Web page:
Warren Buffett's crazy $1 billion offer still stands and there is under 24 hours left to submit your predictions.
The eccentric billionaire recently revealed plans to offer the huge cash sum to anyone who was able to correctly predict the entire 2014 NCAA tournament bracket.
Of course predicting the outcome of every single game during March Madness is just that - madness. But it might be slightly easier than everyone may have you think.
Numerous media outlets who have referenced the story in the run up to the NCAA post-season play have taken much glee in reporting that the odds of taking Buffett's money are some 9.2 quintillion.
That is a 9 with an extra 18 zeros on the end - a truly astronomical number indeed!
Now when it is put like that even the most intense, focussed, and downright fanatical college basketball fan would have to admit they don't stand a chance in the next few weeks.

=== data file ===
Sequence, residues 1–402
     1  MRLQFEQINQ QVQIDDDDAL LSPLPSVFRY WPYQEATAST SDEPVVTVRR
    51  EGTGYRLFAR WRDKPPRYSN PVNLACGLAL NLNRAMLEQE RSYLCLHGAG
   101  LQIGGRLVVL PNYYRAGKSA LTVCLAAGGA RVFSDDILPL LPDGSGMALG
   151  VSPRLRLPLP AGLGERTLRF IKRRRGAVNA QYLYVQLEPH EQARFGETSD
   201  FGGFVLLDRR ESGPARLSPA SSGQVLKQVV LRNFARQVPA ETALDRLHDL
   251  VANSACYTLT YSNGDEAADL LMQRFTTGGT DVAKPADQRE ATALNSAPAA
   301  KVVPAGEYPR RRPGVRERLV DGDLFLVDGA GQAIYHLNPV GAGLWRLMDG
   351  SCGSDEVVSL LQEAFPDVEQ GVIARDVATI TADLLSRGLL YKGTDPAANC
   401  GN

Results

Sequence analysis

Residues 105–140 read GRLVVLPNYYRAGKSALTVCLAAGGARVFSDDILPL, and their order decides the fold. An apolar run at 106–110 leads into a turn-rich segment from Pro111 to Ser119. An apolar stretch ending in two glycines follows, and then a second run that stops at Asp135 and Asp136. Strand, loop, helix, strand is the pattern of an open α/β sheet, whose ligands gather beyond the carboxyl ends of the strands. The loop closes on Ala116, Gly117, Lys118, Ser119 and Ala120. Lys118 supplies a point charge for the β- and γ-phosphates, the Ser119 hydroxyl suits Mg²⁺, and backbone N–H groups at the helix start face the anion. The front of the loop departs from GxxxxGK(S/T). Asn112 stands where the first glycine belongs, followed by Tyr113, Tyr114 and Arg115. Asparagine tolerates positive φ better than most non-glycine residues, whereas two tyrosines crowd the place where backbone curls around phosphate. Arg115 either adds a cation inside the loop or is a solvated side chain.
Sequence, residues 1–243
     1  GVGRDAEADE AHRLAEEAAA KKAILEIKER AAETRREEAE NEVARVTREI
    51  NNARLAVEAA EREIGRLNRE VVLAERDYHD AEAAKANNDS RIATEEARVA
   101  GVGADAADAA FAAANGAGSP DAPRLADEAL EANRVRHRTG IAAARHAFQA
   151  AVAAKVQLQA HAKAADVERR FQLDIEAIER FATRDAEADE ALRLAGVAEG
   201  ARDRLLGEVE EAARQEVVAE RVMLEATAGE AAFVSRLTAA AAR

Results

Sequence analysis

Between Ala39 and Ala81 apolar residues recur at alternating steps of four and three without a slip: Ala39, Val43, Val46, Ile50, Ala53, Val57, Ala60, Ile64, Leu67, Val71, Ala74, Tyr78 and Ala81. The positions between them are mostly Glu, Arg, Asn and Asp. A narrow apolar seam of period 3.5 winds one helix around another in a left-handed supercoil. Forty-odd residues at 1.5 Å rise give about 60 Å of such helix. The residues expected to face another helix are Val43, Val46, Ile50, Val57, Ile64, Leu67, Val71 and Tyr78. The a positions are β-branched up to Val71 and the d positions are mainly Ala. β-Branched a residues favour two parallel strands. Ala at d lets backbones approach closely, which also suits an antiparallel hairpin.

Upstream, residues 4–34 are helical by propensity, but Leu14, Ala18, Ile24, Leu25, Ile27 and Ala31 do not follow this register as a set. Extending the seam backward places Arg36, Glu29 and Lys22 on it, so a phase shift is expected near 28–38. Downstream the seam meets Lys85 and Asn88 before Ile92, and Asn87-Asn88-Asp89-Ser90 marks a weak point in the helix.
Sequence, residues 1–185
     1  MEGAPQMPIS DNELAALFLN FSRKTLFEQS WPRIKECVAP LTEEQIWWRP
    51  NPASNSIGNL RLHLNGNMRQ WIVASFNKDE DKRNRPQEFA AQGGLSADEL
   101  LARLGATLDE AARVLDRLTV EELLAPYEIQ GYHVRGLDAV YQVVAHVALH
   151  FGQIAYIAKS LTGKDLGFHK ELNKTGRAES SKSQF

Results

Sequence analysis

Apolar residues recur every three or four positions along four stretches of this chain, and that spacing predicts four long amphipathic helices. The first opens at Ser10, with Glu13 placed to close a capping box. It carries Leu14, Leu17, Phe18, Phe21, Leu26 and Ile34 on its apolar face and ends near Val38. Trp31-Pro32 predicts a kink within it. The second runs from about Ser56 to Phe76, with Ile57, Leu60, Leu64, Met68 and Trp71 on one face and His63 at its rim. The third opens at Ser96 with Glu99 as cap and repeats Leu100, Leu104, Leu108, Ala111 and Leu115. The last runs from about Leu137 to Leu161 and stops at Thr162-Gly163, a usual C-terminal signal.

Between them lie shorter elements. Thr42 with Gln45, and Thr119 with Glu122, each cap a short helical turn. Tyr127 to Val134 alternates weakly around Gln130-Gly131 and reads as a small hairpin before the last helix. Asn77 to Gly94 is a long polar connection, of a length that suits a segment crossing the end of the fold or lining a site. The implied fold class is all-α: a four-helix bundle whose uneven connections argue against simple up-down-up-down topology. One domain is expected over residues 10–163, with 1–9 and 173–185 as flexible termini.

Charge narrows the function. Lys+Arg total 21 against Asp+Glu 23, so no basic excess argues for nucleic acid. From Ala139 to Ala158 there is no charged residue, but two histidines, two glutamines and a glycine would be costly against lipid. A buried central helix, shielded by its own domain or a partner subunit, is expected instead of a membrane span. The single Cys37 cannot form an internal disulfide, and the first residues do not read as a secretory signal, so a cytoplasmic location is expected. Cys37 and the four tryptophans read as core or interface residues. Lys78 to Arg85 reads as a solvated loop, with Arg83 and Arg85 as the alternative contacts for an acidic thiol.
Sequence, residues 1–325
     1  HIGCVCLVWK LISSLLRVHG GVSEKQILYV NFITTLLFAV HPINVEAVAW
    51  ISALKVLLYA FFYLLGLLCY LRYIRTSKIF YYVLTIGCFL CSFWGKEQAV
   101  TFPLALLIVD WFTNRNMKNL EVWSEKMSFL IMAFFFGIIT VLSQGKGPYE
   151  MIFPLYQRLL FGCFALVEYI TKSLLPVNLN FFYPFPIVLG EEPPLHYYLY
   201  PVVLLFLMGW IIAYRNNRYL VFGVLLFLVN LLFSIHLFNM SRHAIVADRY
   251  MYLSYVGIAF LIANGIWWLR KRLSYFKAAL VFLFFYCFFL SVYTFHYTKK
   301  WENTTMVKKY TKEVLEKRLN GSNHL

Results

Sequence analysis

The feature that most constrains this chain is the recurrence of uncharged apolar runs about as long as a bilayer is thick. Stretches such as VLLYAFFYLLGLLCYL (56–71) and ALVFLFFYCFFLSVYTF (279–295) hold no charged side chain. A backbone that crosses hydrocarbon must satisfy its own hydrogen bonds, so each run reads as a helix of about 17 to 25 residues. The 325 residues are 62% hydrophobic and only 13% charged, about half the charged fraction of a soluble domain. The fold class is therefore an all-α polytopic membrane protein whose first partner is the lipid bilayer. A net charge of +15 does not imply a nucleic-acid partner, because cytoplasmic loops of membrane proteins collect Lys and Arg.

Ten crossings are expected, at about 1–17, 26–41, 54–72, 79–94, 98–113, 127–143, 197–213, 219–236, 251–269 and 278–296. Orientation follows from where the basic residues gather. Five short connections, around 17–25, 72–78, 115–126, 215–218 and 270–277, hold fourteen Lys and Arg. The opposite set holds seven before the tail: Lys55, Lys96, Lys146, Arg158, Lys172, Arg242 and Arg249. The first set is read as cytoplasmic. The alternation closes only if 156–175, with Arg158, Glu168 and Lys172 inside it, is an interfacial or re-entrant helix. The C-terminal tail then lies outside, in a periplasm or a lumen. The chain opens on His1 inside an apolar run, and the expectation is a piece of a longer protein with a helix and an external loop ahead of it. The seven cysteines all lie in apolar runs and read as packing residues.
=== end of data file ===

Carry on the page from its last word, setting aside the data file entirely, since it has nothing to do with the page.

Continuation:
But fear not, for DePaul University mathematician Jefrey Bergen, after in depth analysis and calculations, has settled upon a far more manageable number...
Now doesn't that sound a lot easier everyone?
As reported by Deadspin, the original figure is related to picking the perfect bracket based on a flip of the coin - a simple 50/50 procedure.
But, as all sports fans know to their cost, match ups do not work like that and there are numerous other factors in play come tip-off.
And so the new, lower (but still ridiculously high) figure is based more closely on form, location, and simple fan-bias.
So what does all this mean? Could someone actually walk away $1 billion richer in April?
Of course not, but never has 128 billion looked so small.
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